Montgomery County would like to see a new music hall open in this former J.C. Penney department store on Colesville Road.
As music fans across Silver Spring debate what type of new venue would be ideal for the old J.C. Penney building Downtown, County Executive Ike Leggett laid out his own expectations last night at the Silver Spring Regional Services Center in a meeting with myself, Henry from The Scene and Jen from The Penguin.
"My view," says Leggett, an admitted Michael Bolton fan, "is to have a venue and facility that caters to whatever we think is appropriate . . . a variety of music for a variety of tastes."
What is "appropriate" for the former J.C. Penney building on Colesville - once slated to become home to a second branch of Alexandria's Birchmere, a nationally renowned folk venue - has become a contested issue both on- and off-line. Earlier this month, the South Four Corners Neighborhood Assocation forced a Boys and Girls Club to stop hosting go-go shows, citing an increase in noise and crime. Meanwhile, news that national concert promoter Live Nation was a contender for the venue roiled neighborhood listservs.
so much more AFTER THE JUMP . . .
County Executive "Ike" Leggett, a former law professor, takes to a whiteboard to explain why the Birchmere wasn't the best fit for a proposed music venue in Downtown Silver Spring.
The community's vision of a "small entertainment and dining experience" - originally promised by the Birchmere - isn't economically feasible for the County, who's subsidizing it, according to Leggett. "I have to justify two million dollars [in funding] to the State," explains Leggett. "If this does not justify economic development, what is the reason to do it?"
In order to be financially sound, the new venue would have to cater to a range of musical tastes. "Sometimes, it may be small and quiet and intimate, or sometimes it might be large," says Leggett. "So you can get the small and intimate, you can get the dinner theatre, or you can get rock or reggae."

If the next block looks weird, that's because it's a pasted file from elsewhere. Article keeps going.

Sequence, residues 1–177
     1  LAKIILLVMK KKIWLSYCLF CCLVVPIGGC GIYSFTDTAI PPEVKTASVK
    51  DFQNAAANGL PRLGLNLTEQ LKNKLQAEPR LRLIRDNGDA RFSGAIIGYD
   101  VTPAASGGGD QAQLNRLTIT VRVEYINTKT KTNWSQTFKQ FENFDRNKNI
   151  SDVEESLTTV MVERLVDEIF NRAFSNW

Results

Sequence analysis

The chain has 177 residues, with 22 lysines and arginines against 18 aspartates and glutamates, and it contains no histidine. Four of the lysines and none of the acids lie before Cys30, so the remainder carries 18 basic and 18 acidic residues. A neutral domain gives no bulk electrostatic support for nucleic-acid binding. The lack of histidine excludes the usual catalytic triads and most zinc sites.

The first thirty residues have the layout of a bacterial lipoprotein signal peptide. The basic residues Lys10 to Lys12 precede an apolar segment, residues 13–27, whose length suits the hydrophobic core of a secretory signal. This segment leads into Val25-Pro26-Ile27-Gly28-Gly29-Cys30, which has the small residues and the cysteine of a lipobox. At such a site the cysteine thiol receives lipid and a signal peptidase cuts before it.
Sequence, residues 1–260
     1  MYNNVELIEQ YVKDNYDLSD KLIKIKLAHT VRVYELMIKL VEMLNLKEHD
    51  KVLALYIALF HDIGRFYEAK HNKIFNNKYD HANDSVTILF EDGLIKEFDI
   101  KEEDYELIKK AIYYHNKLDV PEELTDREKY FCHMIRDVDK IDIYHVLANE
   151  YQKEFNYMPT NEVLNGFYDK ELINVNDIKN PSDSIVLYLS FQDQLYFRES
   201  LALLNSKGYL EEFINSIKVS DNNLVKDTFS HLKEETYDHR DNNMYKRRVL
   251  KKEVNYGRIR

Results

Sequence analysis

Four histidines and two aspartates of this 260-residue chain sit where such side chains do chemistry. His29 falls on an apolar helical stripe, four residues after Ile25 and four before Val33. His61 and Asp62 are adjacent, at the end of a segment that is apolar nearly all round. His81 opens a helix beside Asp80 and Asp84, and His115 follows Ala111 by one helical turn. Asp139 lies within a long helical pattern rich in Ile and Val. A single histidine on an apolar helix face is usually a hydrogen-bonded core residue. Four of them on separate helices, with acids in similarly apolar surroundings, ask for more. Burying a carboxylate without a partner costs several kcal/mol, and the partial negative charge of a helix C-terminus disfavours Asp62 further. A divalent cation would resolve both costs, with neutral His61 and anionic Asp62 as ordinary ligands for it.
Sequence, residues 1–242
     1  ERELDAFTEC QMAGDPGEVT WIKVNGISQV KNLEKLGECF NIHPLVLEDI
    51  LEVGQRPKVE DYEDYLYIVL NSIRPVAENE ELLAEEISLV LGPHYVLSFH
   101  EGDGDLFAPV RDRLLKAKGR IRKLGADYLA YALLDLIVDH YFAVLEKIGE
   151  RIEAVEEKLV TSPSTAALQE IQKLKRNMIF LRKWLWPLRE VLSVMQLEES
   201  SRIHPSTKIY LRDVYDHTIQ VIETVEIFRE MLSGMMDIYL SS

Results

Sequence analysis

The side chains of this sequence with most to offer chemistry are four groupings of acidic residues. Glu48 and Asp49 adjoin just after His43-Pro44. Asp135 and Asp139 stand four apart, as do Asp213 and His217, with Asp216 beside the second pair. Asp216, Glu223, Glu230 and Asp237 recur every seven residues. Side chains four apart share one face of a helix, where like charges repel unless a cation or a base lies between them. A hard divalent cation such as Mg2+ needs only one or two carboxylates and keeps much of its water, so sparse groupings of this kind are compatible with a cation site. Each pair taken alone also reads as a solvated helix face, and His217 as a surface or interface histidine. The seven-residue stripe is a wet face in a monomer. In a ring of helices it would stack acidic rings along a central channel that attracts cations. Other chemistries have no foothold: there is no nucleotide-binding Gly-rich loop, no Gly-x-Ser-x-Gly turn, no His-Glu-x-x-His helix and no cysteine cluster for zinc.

"I have no problem with Michael Bolton or Wayne Newton," states Leggett, naming two artists who recently played the Birchmere. "But it doesn't justify the economic investment."
The County has also asked Live Nation and other bidders to provide space for banquets, benefits and community uses. The redevelopment of Indian Spring Country Club, formerly home to many County functions, has resulted in events being held at venues such as Martin's Crosswinds in Greenbelt.
"We want a community institution," says Leggett. "There are a certain number of dates that will be used for this facility . . . there will be some tension in seeking a proper balance." He compares the venue's programming to that of the County's rec centers, which can be rented for private functions in addition to events offered to the community at large.
Forcing the proposed venue to cater to the County's and the community's whims raised concerns on Silver Spring, Singular last month, but the county executive feels business would not be lost. "I think the market forces will dictate," insists Leggett. "If Michael Bolton came over and said 'we'll only fill it at $100 a night,' but someone else approached the vendor for a [private event], they'll say 'we can do better'."
The goal is to ensure that a publicly-funded facility serves the entire public, according to Leggett. If the venue isn't attracting a wide spectrum of visitors, it won't only be unprofitable - it could mar Downtown's reputation as a place on the mend. "If it's not successful, it erodes the confidence," says Leggett. "Unless you have that element of success, nothing else will happen."